Annuals of history

Every Christmas, during the ‘60s, I would be given, alongside two tangerines; a handful of walnuts and 2-packets of last years’ dates, the mandatory annual.

Which subject would my parents choose?  Had they been listening to me throughout the year to get a feel in what I was interested in?

As, for several years on the trot, I received the Rupert annual, they clearly hadn’t.  Unless they thought I was a secret Daily Express reader, I was always slightly disappointed.  I didn’t possess a matching pair of distasteful yellow scarf and trousers – if I had been posher, I might have had; but this was Balham in the ‘60s, so that was never happening.

I’d have liked to have got the first edition, published in 1936, featuring stories where Rupert trains with Jesse Owens and Hitler invades Nutwood, with the pretence that there were German speakers living there.

After a while of the annuals still being in pristine condition the following December, my parents changed tack.

The Coronation Street annual was never the same after 1964, as it no longer featured pictures of Martha Longhurst.

I was thrilled, in 1967, to get the Man from U.N.C.L.E. annual – I’d always wanted to be Illya Kuryakin and had, as a teenager, an interest in east European female gymnasts.

My parental procurement of my annual annual stopped in 1972.  Aged 15, you really don’t want your mates coming round to your place and seeing The Clangers annual taking pride of place on your bookcase.

There were some great soup recipes inside, though.

A little bit elephant’s

Bank Holiday TV viewing, when I was a kid growing up in south London in the ‘60s, invariably involved a circus.

As a ten-year-old, keen to get some career ideas, the circus was no help at all.

One year, I visited the traveling circus on Clapham Common.  This was like an appointment with a school career officer.

If you had a head for heights; owned a whip and a small stool; liked sharing a Mini with heavily made-up men (and tonnes of fire hydrant foam) or, to paraphrase Robert Duvall, loved the smell of elephant dung in the morning, then there were potential jobs for you.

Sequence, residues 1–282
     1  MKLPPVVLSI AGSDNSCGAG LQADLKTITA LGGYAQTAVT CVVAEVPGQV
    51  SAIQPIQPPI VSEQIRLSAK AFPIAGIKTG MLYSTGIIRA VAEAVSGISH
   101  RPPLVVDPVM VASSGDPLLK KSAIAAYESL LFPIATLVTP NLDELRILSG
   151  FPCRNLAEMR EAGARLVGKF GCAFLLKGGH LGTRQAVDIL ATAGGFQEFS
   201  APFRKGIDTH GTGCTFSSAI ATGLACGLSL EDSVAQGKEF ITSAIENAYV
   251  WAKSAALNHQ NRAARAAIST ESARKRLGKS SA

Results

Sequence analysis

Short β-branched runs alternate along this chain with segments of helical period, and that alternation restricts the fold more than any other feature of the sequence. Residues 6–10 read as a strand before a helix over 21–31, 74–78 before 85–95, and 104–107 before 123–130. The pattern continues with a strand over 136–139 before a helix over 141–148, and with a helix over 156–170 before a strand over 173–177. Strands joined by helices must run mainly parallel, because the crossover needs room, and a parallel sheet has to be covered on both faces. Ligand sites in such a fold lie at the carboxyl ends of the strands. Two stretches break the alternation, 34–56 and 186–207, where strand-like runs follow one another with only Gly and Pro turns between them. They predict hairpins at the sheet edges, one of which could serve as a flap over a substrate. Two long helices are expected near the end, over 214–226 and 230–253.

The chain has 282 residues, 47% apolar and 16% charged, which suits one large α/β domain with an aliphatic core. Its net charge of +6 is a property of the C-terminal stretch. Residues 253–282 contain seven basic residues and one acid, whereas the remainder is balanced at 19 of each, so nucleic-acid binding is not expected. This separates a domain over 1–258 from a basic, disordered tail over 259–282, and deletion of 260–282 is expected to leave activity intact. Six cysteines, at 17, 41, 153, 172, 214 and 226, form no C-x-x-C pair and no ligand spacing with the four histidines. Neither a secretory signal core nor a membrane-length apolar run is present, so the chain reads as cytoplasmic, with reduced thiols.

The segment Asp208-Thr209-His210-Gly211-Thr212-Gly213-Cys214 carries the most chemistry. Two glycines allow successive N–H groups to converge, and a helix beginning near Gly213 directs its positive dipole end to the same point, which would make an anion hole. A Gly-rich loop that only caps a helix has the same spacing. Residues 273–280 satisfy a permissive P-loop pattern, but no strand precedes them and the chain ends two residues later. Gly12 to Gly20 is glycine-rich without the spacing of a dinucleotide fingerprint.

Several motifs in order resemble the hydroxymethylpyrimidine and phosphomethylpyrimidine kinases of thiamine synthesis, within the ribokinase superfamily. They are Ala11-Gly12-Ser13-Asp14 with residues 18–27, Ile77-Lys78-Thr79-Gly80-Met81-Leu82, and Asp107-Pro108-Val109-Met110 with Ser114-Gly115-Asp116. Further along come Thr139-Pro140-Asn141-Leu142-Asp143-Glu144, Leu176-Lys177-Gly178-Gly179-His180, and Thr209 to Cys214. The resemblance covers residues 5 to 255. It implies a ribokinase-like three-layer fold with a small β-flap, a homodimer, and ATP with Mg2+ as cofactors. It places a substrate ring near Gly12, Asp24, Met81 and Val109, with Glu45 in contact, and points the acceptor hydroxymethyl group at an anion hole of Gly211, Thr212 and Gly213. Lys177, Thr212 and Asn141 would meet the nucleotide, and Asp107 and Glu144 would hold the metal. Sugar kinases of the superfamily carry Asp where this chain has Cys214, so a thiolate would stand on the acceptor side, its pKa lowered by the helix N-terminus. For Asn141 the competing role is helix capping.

These ticked none of employment prospect boxes for me.

This was confirmed when I’d watch the circus on TV (and you’d only watch that because there were only two channels and no one could be arsed to get up and physically change the channel as they’d over-eaten the cold turkey and bubble, OD’d on dates or had alcoholic poisoning through consuming too many chocolate liqueurs).

I remember watching Billy Smart’s Circus.  I thought to myself that he couldn’t have been that smart as one of his main tasks was collecting elephant pooh – why else would he need a top hat?

Also, the smell of sawdust reminded me when someone had been sick in class and the long-suffering school caretaker would come in and scatter sawdust onto the problem in question as if it were some form of fairy dust with magical powers to ensure the smell disappeared. 

This New Year Bank Holiday I won’t be watching the circus and I’ll be keeping any fruit buns to myself. 

Halfpenny for your thoughts?

Boxing Day in the ‘60s for me meant an early introduction to gambling and the chance to win my bodyweight in halfpennies.

We would travel from Balham to Wimbledon Chase (which sounded more like a horserace than an actual place) to visit a family who’d previously lived in my block of flats, but had emigrated to SW20 – could have been Borneo, it seemed that far away.

At the end of the four-mile journey south down the A24 would be the largest ever collection of bottled beer, two packs of cards and a pile of halfpennies, which to me looked like Everest (the mountain, not the double glazing).

The game we played was Newmarket; it was simple and easy for a ten-year-old (me) to play.  The games would seemingly go on long into the night (probably about 9.30!) and amidst the continual clinking of light ale bottles, you stood to have a pile in front of you, if you were lucky, adding up to nearly a shilling.  I’d never felt so rich – plus I had already been given a £1 Premium Bond at birth – surely only members of the Royal Family were better off?

The lady who lived there looked very much like Dusty Springfield (this was preferable than looking like Myra Hindley, as my Auntie Vera did), so it was no coincidence her songs were played throughout the evening. 

When the beer had run out, and the halfpennies usually in one person’s sole possession, we began the trip home – back to wonder how easy it was to mend a broken Action Man. 

Who’s got the ten of spades?